The Blessing of Jerusalem

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Our parsha opens with Moshe presenting the Jewish people with a dramatic choice:

Behold, I set before you today a blessing and a curse. The blessing, if you will heed (“asher tishme’u”) the commandments of the Lord your God, which I command you today; and the curse, if you will not heed the commandments of the Lord your God, but turn away from the way I command you this day, to follow other gods, which you did not know.

What is the relationship between the blessing and the Mitzvot?  The simple understanding of these verses, as explained by Rashi is that the blessing is contingent on the fulfillment of the Mitzvot.  Therefore, Rashi explains that the phrase “asher tishme’u” means “if you will listen,” since one of the meanings of the word asher is “if”.  

However, the Or HaChaim notes that the more common meaning of the word “asher” is “that.”  Accordingly, a straight and literal translation of the verse would be “and the blessing, that which you listen to the commandments.”

This alternative interpretation contains an extremely powerful idea. We do not begrudgingly perform Mitzvot due to the fact that God promises us a reward in the world to come or whatnot.  Rather, we believe that the ultimate blessing is the very fulfillment of the Mitzvot.  Both practically and spiritually, the Mitzvot lead us to the most ideal lifestyle, in which we can live our lives in the presence of God and attain meaning, connection and even happiness.  This is the ultimate blessing in and of itself.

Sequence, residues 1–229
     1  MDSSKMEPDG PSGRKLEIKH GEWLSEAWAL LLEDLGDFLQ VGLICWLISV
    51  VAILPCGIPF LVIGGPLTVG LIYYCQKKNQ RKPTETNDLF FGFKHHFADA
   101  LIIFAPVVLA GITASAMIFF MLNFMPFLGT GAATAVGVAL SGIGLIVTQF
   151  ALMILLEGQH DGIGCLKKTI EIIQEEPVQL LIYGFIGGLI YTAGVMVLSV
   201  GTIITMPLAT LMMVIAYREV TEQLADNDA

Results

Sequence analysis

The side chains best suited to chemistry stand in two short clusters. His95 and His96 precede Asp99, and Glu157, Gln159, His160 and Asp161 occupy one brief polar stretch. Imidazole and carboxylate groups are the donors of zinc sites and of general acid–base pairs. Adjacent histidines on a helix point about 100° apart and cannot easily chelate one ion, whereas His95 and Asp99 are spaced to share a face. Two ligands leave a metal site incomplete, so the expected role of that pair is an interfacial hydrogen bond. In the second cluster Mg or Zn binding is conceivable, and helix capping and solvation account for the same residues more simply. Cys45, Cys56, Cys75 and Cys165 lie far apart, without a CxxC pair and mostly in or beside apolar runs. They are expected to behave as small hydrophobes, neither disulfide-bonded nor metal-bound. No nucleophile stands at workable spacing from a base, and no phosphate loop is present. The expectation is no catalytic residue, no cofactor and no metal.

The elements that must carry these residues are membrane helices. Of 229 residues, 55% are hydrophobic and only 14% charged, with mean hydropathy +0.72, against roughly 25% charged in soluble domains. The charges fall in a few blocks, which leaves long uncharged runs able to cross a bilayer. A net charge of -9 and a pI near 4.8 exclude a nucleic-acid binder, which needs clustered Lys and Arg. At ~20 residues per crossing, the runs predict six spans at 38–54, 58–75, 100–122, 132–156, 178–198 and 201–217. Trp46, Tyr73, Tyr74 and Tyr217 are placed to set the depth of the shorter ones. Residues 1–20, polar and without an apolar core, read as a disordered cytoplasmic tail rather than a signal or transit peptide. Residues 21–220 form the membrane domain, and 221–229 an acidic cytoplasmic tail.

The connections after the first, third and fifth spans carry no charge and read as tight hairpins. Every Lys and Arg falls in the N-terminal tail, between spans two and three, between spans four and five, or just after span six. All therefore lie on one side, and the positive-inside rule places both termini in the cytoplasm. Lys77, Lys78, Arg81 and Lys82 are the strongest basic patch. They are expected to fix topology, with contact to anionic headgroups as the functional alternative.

With this in mind, we can glean a deeper insight of a verse in Tehillim.  In a short chapter, Dovid writes as follows:

A song of ascents of David. Behold how good and how pleasant it is for brothers also to dwell together! As the good oil on the head runs down upon the beard, the beard of Aaron, which runs down on the mouth of his garments. As the dew of Hermon which runs down on the mountains of Zion, for there the Lord commanded the blessing, life forever.

This chapter describes the beauty of a life of Torah in that it brings brothers and friends together.  How many people today crave brotherhood, friendship and community and how much richer is life when deep relationships are realized!  Attaining these relationships is part and parcel of a Torah life.

The chapter concludes that this beautiful imagery can be most realized in Yerushalayim since “there God commanded the blessing.”  Perhaps one meaning of this ambiguous phrase is that the blessing inherent in the Torah lifestyle discussed in the beginning of our parsha is most apparent when living in Yerushalayim.  Yes, Jewish families and communities throughout the world can be a model for the world and a miniature blessing.  However, the eternal blessing – the ability to live the life of ultimate meaning and connection to God and other people – can only be fully realized in Yerushalayim.  It is there that God dwells and there that the blessing resides forevermore.


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